Love for Buffalo Mountain

Johnson City Press • Jul 22, 2018 at 8:15 AM

Buffalo Mountain has seen its fair share of troubles over the years, including a 2008 forest fire that temporarily shut down Johnson City’s 723-acre park and a 2012 flood that destroyed the mountain’s historic Methodist camp.

This week, our staff reported about some much-needed attention for the mountain on two fronts.

Nearly five years after it was destroyed by storms that swept through Northeast Tennessee, though, the camp is back to life. The August 2012 rains brought floods and a landslide, washing out the road to the campsite and damaging cabins and bathhouses. After operating the retreat for six decades, the Holston Conference of United Methodist Church left the site three years after the storms for a new camp on Kingsport’s Bays Mountain.

Despite the damage, though, Roxanne and Billy Cox and family bought the property and went to work improving the grounds and buildings, including the 17-bedroom retreat center, into an events and getaway venue. As Staff Writer Jessica Fuller reported this week, the Coxes plan to host special events to raise funds toward renovating the camp’s focal point, Allison Lodge, and eventually plan to restore the cabins.

The results so far are beautiful, and the community owes the Coxes a word of thanks for investing in the mountain.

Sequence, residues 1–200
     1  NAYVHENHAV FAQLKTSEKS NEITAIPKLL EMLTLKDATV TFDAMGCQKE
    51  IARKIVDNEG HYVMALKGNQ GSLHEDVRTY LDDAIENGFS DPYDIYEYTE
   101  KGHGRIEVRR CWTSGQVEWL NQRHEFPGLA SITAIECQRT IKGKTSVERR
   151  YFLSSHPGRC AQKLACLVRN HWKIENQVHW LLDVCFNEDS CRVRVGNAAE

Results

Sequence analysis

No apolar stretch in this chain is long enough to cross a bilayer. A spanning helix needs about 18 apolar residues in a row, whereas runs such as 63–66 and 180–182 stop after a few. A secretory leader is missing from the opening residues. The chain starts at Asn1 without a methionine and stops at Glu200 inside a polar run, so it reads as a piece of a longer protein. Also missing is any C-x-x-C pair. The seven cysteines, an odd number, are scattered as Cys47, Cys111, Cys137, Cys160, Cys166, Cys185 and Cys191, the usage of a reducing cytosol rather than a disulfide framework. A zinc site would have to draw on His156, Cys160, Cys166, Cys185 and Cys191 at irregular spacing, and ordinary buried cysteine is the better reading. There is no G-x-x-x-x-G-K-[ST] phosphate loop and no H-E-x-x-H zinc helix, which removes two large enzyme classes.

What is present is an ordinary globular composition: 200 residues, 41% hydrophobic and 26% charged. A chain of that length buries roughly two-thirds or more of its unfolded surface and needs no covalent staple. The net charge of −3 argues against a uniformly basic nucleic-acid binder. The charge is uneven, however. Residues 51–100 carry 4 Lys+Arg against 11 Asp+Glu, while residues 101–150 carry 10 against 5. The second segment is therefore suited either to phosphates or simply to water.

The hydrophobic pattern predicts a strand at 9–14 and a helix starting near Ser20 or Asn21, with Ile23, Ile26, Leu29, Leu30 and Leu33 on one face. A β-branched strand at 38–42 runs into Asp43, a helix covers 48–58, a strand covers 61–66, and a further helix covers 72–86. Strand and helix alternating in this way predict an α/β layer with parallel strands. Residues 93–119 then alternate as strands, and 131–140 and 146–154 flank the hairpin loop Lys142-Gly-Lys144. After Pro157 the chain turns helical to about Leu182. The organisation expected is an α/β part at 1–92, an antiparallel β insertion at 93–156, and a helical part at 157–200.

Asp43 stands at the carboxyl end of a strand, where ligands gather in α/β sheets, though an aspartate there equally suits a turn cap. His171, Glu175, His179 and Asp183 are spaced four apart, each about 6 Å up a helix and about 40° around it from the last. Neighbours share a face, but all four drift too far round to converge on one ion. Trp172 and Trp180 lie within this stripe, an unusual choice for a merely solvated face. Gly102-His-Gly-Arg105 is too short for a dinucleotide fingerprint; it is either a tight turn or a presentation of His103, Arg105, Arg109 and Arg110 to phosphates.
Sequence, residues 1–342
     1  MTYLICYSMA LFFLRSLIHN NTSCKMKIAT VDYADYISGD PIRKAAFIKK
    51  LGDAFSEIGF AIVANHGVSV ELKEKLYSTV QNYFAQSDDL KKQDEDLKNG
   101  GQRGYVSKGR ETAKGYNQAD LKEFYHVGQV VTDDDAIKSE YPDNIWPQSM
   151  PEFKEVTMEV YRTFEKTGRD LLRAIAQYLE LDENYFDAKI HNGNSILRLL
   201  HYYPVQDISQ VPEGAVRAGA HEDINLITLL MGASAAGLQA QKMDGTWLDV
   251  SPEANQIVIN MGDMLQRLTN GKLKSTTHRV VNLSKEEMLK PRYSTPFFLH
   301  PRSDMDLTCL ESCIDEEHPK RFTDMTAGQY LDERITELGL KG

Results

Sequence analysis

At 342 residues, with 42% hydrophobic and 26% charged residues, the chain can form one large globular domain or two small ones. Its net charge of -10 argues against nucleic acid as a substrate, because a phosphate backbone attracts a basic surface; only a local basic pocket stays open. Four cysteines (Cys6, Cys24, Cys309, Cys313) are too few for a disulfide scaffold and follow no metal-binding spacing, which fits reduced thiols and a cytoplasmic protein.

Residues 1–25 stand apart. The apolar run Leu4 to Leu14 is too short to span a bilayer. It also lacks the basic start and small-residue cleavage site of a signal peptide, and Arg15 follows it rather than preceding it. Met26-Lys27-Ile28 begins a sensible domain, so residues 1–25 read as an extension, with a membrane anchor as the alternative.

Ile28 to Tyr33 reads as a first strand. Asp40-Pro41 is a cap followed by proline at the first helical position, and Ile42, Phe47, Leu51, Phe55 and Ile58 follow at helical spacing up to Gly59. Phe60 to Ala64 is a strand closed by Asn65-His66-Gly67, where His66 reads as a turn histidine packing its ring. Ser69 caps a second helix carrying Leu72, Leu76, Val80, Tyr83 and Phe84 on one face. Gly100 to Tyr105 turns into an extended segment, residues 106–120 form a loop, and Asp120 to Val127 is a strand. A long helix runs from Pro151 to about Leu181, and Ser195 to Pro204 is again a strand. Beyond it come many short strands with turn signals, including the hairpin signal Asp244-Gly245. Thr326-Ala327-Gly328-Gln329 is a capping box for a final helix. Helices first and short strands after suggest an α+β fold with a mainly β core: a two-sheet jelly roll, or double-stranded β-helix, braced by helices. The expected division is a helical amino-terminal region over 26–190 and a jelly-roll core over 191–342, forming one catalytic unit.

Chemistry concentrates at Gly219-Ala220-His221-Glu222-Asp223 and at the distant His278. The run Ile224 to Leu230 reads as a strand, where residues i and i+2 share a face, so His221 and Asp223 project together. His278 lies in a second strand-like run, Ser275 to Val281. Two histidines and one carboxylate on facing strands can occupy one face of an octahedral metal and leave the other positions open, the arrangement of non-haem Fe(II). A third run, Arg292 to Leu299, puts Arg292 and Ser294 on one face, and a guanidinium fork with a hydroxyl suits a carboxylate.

Between the camp, the city’s park, the Pinnacle fire tower trail and other ATV and hiking trails, the Buffalo Mountain area is our largest natural recreational asset, and it’s ripe with even more opportunities. Johnson City and Unicoi are nestled against the rolling landscape, which offers spectacular views from above and below.

In today’s edition, Staff Writer Zach Vance reports about the U.S. Forest Service’s thoughts of converting roughly 5 miles of logging trails atop Buffalo Mountain to hiking and mountain biking use. The Forest Service plans to seek public comment on the proposal before reaching a decision. We can’t imagine a better use, as long as the mountain’s environment is preserved.

In the long run, Buffalo Mountain is a linchpin in Johnson City’s hopes of becoming an outdoor recreational mecca. Such amenities are drivers for both tourism and economic development.

We’re happy to see Buffalo Mountain getting the attention and hope to see the love keep coming.

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